Dems, GOP should split the difference on tax reform

2013-03-22T00:00:00Z Dems, GOP should split the difference on tax reformCharles Krauthammer Washington Post Writers Group Arizona Daily Star

The proposition that entitlement curbs are the key to maintaining national solvency is widely accepted, though not by many congressional Democrats. President Obama, however, has endorsed it on various occasions. And he could make it happen.

If he wants. I remain skeptical that he does. But national solvency is important enough to test this proposition at least once more. The obstacle is Obama's current position that entitlement cuts must be "balanced" with new revenue from closing loopholes.

Republicans are adamantly opposed. No more revenues, Mr. President. You got your tax hike on Jan. 1. Is there a solution? Yes: tax reform with a twist.

The problem begins with definitions. By tax reform, Obama means eliminating deductions, exclusions, credits of various kinds, with all the money going to the Treasury.

That's radically new. The historic 1986 Reagan-O'Neill tax reform closed loopholes with no extra money going to the Treasury. The new revenue went directly back to the citizenry in the form of lower tax rates.

This is revenue neutrality. The idea is that tax reform is a way not to fatten the Treasury but to clean the tax code. It means eliminating special-interest favors and behavior-altering deductions that create waste and inefficiency by inducing tax-preferred rather than market-oriented economic activity. And it introduces fairness by removing breaks and payoffs for the rich.

As a final bonus, tax reform's lower rates spur economic growth.

Obama's own Simpson-Bowles deficit-reduction commission offered a variant. First, it identified an astonishing $1.1 trillion per year of these "tax expenditures." That's more than $11 trillion in a decade. In one scenario, it knocked them all out and lowered marginal tax rates to just three brackets of 8 percent, 14 percent and 23 percent.

But here's the twist. Using the full $1.1 trillion, Simpson-Bowles could have dropped the rates a bit below 23 percent. But instead it left some of that money in the Treasury, an average of almost $100 billion a year, or about $1 trillion over a decade. It was a reasonable compromise.

Obama's "tax reform" would send 100 percent of the revenue to the Treasury. Reagan-O'Neill sent zero percent. Simpson-Bowles fell somewhere in between. So should any grand compromise.

Before deciding exactly where to locate that compromise, however, we have to decide which deductions to cut, yielding how much revenue. The bad news is that it could take years to work out.

The good news is the formula proposed by Harvard economist Martin Feldstein. Before even picking and choosing which deductions should remain permissible, it simply allows no one to reduce his tax bill by more than 2 percent by using any or all of the deductions and loopholes in the current tax code (except charitable contributions).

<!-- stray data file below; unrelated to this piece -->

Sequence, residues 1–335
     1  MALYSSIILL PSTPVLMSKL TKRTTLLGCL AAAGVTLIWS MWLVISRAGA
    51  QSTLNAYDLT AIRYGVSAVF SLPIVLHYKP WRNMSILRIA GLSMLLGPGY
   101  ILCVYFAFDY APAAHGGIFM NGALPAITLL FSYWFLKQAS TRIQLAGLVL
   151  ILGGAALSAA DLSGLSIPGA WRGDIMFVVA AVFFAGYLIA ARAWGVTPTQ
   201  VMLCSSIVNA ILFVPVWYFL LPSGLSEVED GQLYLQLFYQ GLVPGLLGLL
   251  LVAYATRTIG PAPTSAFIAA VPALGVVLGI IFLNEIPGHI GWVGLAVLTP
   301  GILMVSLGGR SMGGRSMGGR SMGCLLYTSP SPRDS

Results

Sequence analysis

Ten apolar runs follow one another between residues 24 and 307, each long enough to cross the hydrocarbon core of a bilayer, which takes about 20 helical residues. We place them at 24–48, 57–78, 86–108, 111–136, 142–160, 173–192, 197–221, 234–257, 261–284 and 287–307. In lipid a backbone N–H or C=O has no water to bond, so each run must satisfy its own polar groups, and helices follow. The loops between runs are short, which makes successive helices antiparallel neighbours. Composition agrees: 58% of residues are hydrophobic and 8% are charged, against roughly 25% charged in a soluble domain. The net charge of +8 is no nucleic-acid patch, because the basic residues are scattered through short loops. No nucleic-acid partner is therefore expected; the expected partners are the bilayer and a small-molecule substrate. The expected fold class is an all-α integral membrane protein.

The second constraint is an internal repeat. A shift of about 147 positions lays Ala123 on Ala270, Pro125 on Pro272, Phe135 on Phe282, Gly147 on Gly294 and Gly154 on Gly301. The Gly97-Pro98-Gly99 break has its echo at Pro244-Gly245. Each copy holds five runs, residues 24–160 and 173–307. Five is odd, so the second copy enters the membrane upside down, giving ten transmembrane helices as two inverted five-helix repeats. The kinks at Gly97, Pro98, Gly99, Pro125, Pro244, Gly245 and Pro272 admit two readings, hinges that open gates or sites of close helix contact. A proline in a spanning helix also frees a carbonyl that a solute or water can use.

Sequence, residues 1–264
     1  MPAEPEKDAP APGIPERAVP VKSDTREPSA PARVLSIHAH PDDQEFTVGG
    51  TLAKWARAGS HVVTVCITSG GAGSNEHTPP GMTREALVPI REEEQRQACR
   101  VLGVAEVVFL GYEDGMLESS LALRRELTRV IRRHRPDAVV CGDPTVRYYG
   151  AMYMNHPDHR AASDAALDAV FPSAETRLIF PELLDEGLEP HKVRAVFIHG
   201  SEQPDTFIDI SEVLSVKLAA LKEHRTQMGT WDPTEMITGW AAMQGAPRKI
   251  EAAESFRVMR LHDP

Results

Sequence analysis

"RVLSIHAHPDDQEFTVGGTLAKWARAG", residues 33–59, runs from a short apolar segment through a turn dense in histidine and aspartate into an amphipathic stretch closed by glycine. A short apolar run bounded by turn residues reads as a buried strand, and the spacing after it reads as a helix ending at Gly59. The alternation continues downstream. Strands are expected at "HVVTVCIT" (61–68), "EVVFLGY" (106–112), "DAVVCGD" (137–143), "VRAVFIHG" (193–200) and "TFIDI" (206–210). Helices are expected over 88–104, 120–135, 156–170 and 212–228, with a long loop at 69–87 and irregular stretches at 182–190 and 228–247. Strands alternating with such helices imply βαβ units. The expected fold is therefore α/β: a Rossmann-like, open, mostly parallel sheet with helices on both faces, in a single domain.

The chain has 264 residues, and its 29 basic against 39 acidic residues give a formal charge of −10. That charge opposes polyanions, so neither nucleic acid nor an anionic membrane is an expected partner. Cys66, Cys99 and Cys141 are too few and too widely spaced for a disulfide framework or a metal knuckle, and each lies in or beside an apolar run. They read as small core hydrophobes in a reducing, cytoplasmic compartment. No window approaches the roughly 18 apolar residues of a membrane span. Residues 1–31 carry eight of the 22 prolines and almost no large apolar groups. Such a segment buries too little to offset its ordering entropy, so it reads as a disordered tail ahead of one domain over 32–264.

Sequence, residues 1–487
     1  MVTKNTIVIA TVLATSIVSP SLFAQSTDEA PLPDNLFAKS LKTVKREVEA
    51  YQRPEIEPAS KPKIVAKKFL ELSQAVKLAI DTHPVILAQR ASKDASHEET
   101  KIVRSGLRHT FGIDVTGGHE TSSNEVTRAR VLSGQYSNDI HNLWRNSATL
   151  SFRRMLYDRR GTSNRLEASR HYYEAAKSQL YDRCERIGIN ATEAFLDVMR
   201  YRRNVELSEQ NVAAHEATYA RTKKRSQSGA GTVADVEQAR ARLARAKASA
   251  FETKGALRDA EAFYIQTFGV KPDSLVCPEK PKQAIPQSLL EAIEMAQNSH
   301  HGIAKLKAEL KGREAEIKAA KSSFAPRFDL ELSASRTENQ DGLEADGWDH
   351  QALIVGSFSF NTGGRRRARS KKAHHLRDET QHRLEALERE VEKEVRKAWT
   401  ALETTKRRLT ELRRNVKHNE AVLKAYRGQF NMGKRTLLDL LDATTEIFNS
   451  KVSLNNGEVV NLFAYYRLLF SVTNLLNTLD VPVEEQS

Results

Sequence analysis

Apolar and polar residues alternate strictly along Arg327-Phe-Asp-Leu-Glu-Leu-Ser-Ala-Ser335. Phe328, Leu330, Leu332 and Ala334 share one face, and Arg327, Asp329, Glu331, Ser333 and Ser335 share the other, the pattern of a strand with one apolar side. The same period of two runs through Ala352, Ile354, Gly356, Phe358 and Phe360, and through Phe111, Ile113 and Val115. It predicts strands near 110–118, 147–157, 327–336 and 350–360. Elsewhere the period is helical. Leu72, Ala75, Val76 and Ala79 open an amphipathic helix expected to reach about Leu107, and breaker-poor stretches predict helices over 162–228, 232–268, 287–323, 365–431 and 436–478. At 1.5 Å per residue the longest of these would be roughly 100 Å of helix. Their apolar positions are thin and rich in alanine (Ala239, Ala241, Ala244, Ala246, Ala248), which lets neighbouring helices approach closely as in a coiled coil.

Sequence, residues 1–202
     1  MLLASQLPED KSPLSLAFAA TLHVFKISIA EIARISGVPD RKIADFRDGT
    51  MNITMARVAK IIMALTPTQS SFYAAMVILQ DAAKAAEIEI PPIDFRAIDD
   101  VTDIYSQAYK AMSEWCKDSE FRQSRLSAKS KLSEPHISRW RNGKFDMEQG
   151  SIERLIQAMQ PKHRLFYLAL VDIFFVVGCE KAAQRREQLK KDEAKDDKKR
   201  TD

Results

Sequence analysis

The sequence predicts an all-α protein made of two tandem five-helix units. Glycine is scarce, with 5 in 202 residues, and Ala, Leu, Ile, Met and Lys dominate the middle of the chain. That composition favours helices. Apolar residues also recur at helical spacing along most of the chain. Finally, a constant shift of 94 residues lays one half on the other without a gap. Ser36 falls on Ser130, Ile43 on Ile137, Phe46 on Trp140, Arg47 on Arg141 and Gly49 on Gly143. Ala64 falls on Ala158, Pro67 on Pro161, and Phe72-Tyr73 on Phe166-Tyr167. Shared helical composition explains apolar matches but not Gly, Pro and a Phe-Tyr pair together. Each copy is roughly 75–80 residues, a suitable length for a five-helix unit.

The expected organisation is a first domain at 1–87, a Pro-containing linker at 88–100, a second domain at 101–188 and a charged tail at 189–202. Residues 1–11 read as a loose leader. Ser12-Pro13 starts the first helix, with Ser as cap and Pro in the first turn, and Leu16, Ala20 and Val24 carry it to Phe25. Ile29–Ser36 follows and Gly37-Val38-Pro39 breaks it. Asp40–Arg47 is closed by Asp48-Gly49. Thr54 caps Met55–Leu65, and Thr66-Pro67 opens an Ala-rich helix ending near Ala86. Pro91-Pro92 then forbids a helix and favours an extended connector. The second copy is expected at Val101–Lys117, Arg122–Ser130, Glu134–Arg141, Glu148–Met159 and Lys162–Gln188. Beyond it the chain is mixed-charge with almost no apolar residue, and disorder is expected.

There should, of course, be separate negotiations over which of the hundreds, thousands, of loopholes/deductions should be tossed out as corrupt or counterproductive rent-seeking. But the 2 percent ceiling means that we don't have to wait for full tax reform - because the Feldstein formula significantly and immediately reduces the impact of all the loopholes.

Feldstein calculates that his tax reform would yield $2.1 trillion in new revenue over a decade. Now we can cut the pie. Obama wants the government to keep it all. The GOP wants to give it all back to reduce tax rates. Let's be Solomonic. Divide the revenue in half - 50 percent to the Treasury for reducing debt, 50 percent to the citizenry for reducing rates.

That's roughly $1 trillion each. Everybody gets something. Republicans unexpectedly get a rate cut, minor but symbolic after having had to swallow the fiscal-cliff rate hike. The country gets the first significant tax reform in a quarter century. Obama gets $1 trillion worth of "balance," his price for real entitlement reform.

And if he turns out to be serious about that, we get the Holy Grail - tax and entitlement reform all at once.

Which means a deal that manages to simultaneously promote efficiency, fairness, growth, debt reduction and a return to national solvency. In other words, the best deal since the Louisiana Purchase.

Email Charles Krauthammer at letters@charleskrauthammer.com

Copyright 2014 Arizona Daily Star. All rights reserved. This material may not be published, broadcast, rewritten or redistributed.

Activate

Latest Fitz Report video

More

Fitz studio: How to draw the President

In this video tutorial, Star cartoonist and columnist David Fitzsimmons teaches you how to draw the Preside…

Latest Newsmakers video

More

Dr. Peter Rhee on mental health

Dr. Peter Rhee discusses mental health and other issues surrounding gun violence.

Deals, offers & events

View more...

Tanks Green Stuff…

A division of the Fairfax Companies